Lit Buildings and Metro Fiber Update – March 2009

March 12th, 2009 by · 11 Comments

As promised, I have updated my list of metro fiber providers and lit buildings. The list itself will no long live in a post with a published date that quickly scrolls off the bottom of the screen. I have found it useful to have around and searching for it was annoying. Therefore I have given it a permanent page of its own that you can access off the top menu bar, underneath the 'More' item.

I will spend a few posts next week analyzing the data itself, today I would simply like to thank everyone who sent me updates and tips. And I would like to welcome a few newcomers to the list. Of course, they aren't necessarily newcomers to the business, it's just that once you get past the big names many of these companies are very locally focused. If you don't know the market you likely don't know them, which can be a disadvantage if you need access in that market in the future.

EasyTEL, from Tulsa, sent in its information and instantly became the densest provider on my list with some 984 buildings on just over 400 route miles. Access Fiber Group, which opened its doors just last year, sent in information about its three very young networks in Alabama and Tennessee. And I ran across the Long Island Fiber Exchange as well, and also managed to locate information on Lightower's network. Overall, I was able to fill in many blanks this time with help from many readers. The continuing theme from everyone, both new to the list and not, has been that despite the economic crisis they are thriving and generally continuing to expand.

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Categories: Metro fiber

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11 Comments So Far


  • Rob Powell says:

    No sooner did I post this than I accidentally deleted the actual data from the post – oops. It is back.

    • Dave Rusin says:

      Maybe a column that shows what percentage of the fiber routes are sheath owned by the carrier versus IRU’d from someone else … big fiber route miles with low fiber count are a pretty good indicator … nothing wrong with a fiber IRU (if you can get them today) … but an IRU of a few strands does have its capacity limitations.

      • Rob Powell says:

        Dave, since the information here is voluntary, the challenge is to ask the question in a way that is both diplomatic and unambiguous to all or most of the companies involved. I fear that the only way one can reliably find this information is to talk to the company directly, probably after signing an NDA.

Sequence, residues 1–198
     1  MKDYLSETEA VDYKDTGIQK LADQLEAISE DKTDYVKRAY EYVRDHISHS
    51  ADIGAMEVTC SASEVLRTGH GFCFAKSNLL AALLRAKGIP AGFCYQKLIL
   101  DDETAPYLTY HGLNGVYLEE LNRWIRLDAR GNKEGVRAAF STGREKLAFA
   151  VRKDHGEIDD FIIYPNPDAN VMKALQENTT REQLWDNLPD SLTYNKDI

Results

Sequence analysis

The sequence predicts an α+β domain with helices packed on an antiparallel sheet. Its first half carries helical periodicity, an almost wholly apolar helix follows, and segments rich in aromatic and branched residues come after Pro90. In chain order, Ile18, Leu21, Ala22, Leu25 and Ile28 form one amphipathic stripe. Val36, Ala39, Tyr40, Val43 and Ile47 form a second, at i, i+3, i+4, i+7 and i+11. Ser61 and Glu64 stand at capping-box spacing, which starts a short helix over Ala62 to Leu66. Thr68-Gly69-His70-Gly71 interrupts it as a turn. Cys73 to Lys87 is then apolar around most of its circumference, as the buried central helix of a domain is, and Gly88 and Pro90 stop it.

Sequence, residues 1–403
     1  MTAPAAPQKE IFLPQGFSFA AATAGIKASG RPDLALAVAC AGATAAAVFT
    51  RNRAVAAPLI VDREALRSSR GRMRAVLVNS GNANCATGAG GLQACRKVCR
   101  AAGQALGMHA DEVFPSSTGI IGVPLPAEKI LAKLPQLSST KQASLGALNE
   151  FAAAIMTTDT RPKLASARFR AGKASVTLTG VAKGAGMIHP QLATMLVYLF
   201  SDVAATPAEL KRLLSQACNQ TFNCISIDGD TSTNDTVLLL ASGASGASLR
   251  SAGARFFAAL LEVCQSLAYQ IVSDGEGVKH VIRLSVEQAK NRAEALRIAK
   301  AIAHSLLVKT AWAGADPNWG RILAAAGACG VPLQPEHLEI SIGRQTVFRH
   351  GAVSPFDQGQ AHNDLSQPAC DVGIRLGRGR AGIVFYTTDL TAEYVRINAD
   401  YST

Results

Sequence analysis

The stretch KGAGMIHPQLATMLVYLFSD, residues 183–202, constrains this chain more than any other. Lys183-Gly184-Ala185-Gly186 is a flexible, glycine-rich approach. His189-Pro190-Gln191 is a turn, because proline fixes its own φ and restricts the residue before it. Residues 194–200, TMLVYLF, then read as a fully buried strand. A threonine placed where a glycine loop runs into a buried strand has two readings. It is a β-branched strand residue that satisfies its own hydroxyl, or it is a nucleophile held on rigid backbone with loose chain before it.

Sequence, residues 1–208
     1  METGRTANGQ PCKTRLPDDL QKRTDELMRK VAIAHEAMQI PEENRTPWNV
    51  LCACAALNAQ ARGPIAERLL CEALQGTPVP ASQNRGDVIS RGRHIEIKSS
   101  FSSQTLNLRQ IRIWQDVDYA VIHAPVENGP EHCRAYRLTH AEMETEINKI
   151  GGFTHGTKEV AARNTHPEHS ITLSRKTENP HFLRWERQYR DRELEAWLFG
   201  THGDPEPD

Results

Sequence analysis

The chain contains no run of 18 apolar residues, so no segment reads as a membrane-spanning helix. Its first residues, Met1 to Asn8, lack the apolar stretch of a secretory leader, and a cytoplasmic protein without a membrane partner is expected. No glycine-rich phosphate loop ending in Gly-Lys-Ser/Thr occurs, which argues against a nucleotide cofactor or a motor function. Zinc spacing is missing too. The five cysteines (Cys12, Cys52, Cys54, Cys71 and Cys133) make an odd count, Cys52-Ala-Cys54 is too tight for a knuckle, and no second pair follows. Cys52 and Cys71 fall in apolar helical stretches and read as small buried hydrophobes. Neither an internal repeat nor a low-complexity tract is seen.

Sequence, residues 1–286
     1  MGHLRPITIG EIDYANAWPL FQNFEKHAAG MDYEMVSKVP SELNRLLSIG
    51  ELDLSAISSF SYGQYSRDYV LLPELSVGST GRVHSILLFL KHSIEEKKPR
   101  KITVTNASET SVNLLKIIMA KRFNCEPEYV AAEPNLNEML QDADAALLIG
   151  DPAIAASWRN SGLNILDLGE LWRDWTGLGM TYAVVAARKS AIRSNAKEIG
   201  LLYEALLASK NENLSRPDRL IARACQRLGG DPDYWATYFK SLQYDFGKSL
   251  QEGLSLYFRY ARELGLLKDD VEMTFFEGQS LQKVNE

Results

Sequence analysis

• Joe Wilson says:

      Hi Rob,

      Please provide your definition of “Average Fiber Count”. Would that be the average number of fibers per cable – to include backbone, entrance, or both? Does the definition include backbone and/or entrance cables? Let me know so we can use the same definition as everyone else in the chart.

      Thanks

      Joe Wilson

      • Dave Rusin says:

        Take the reported total fiber miles and divide it by the reported total fiber route miles … 1000 “route” miles of a 2-strand IRU is dilutive in the denominator.

        It’s somewhat misleading to state, for example that “we own 2000 fiber route miles” if in fact you are vulnerable to IRU’s on those routes in the future — it’s a transparency issue. Sheath owned miles vs. IRU “rented” route miles is a good delineation.

        IRU’s eventually face fiber exhaust for a host of reasons … having high fiber counts affords you a luxury that others relying upon IRU’s can only get if they IRU more fiber … assuming there is an IRU available. Don’t buy the ‘we can always light the fiber hotter — that’s not the issue … it is signal loss and cost of regeneration that drives fiber exhaust …

        With consolidation, tight credit and healthy businesses — the incentives to offer dark fiber IRU’s is less than the telecom meltdown. Fiber is a precious commodity … especially metro fiber that was not overbuilt.

      • Rob Powell says:

        Average number on the ring itself, I assume that entrance cables have fewer. My number for this currently is simply reported fiber miles divided by reported route miles, simply because much of the information is from public sources and that is what is out there. I recognize there are probably some inconsistencies between in the reported numbers, I make do with whatever I can find.

  • Dan Caruso says:

    do you own a fiber-based telecom and would consider selling it? If so, shoot me an email or contact Zayo.

  • Rob Powell says:

    Lest anyone think that is spam, Dan is for real and quite serious.

  • Bart says:

    Great info.

    How do you gather the data? Specifically the accuracy of the buildings.

    • Rob Powell says:

      The accuracy varies, and is based either on public information gleaned from PRs and SEC documents, or on private communications with the companies in question.

      Of course, the numbers are moving targets and will never be precise – it’s more to get a flavor of the various assets. Relative size and focus, that sort of thing.

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